News about the potential for a continuing increase in inflation in the coming months has sounded an alarm for many people. Supply chain disruptions and other factors due to the Covid-19 pandemic are the likely suspects for what has, in practicality, meant a five percent rise in the cost of goods and services to consumers and manufacturers alike. Some economists are calling these increases temporary, while others are not so sure. Dealing with inflation is nothing new to boomers, since we lived through one of the most volatile decades in our country’s economic history.
The decade of 1970 to ’79 saw an inflation rate of 7.25 percent, the worst since 1900. Compare that with a rate of 1.8 percent in the 1950s, and 2.45 percent in the 1960s. So what happened in the 1970’s to cause such a jump in inflation? A mix of world events and domestic political mayhem caused prices to go up, and interest rates to rise to an unprecedented level of up to 20 percent.
Richard Nixon was president, and still dealing with the process of ending the war in Vietnam, when in October of 1973 he asked Congress for $2.2 billion dollars in emergency aid for Israel following the Yom Kippur War. The Organization of Petroleum Exporting Countries (OPEC) responded with an oil embargo against all western countries that supported Israel. Overnight, oil became scarce as OPEC shut down all exports to the U.S., Netherlands and Denmark. The U.S. imported about 30-35 percent of its crude oil at that time. The Federal government asked Americans to conserve energy as much as possible, as prices practically doubled and gas rationing was instituted in every state.
The price of manufacturing was already on the rise in the country before the embargo, and Nixon had the Watergate scandal growing ever more, to the point that it ultimately brought down his presidency. In August of 1974, Nixon resigned and Vice President Gerald Ford became president. By that point, Egypt and Israel had agreed to a cease-fire and the oil embargo was lifted. It did not stop the rising inflation in the U.S.
On October 8, 1974, President Gerald Ford addressed Congress and proposed a grassroots campaign called “Whip Inflation Now.” The president asked Americans to come together to save more, practice disciplined spending and conserve energy, instead of instituting policies of government intervention to restrict prices. This included suggestions for carpooling and driving less, turning down thermostats and starting a vegetable garden. To get the American public excited about his program, Whip Inflation Now merchandise was produced, from t-shirts to sweaters; footballs to gym bags; watches to earrings; and pins to buttons.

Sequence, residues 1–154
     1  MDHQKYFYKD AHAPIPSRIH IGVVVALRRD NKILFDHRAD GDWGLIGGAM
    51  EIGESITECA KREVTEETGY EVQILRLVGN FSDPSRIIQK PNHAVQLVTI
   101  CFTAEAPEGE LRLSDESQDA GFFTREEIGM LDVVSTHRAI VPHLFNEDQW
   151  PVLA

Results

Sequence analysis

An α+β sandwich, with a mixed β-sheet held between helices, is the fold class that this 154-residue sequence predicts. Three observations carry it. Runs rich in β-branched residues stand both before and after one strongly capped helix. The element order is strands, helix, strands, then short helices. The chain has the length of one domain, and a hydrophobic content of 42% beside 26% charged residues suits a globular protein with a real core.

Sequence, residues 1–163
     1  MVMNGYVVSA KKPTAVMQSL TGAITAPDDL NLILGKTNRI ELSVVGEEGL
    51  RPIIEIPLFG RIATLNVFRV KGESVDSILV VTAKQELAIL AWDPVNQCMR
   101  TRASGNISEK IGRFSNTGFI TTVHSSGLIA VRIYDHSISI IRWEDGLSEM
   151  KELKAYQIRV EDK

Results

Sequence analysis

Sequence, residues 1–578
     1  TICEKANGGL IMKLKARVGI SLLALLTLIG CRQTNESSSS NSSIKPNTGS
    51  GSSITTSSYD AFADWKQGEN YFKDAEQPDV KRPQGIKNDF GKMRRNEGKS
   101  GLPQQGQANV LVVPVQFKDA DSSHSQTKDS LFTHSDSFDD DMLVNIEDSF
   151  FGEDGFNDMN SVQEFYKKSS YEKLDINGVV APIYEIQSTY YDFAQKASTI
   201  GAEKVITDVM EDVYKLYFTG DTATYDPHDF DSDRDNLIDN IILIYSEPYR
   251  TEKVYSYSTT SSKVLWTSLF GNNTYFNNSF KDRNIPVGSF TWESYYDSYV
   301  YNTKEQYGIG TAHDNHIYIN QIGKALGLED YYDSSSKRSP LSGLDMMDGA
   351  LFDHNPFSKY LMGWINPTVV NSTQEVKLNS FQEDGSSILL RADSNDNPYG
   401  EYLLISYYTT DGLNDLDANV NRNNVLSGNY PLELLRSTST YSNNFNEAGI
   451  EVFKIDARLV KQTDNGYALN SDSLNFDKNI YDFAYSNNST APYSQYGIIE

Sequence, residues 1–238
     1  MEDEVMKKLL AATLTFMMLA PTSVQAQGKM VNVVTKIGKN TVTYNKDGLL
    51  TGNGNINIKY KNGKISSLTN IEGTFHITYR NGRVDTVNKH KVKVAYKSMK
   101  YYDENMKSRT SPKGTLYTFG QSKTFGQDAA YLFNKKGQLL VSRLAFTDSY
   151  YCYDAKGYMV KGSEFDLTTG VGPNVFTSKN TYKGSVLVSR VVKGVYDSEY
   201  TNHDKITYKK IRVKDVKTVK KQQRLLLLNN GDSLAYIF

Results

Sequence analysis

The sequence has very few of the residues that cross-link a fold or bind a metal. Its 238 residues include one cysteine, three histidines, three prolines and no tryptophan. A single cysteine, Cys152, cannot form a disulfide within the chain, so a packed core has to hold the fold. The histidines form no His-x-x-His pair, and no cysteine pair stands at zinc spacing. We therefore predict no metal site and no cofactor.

People who pledged to support the voluntary measures were encouraged to wear a WIN button. The public campaign was doomed from the start as people began wearing the buttons upside down to to spell NIM, which was meant to stand for “No Immediate Miracles,” or “Need Immediate Money.” Alan Greenspan, the Chairman of Economic Advisors at the time and initially, but reluctantly, onboard, called the idea “…unbelievably stupid.” Ford’s program was a flop with the public.
Mister Boomer has a WIN button somewhere in his boxes of memorabilia. His looks just like the one pictured. Mister B can’t remember how he got the button, though he knows someone gave it to him. He did not sign any loyalty pledge of support, which were available through local newspapers. Signing the pledge and mailing it to Washington would garner the sender a WIN button in return.
Inflation in the 1970s hit home for Mister Boomer through more than gas rationing and the rise of oil prices. In the mid-70s, he purchased his first new car, and found the interest rate on his auto loan at more than 12 percent. Amid the resulting recession, boomers learned to tighten their belts and make do, as their parents had done during the war.
Did you have any Whip Inflation Now merchandise or a WIN button, boomers?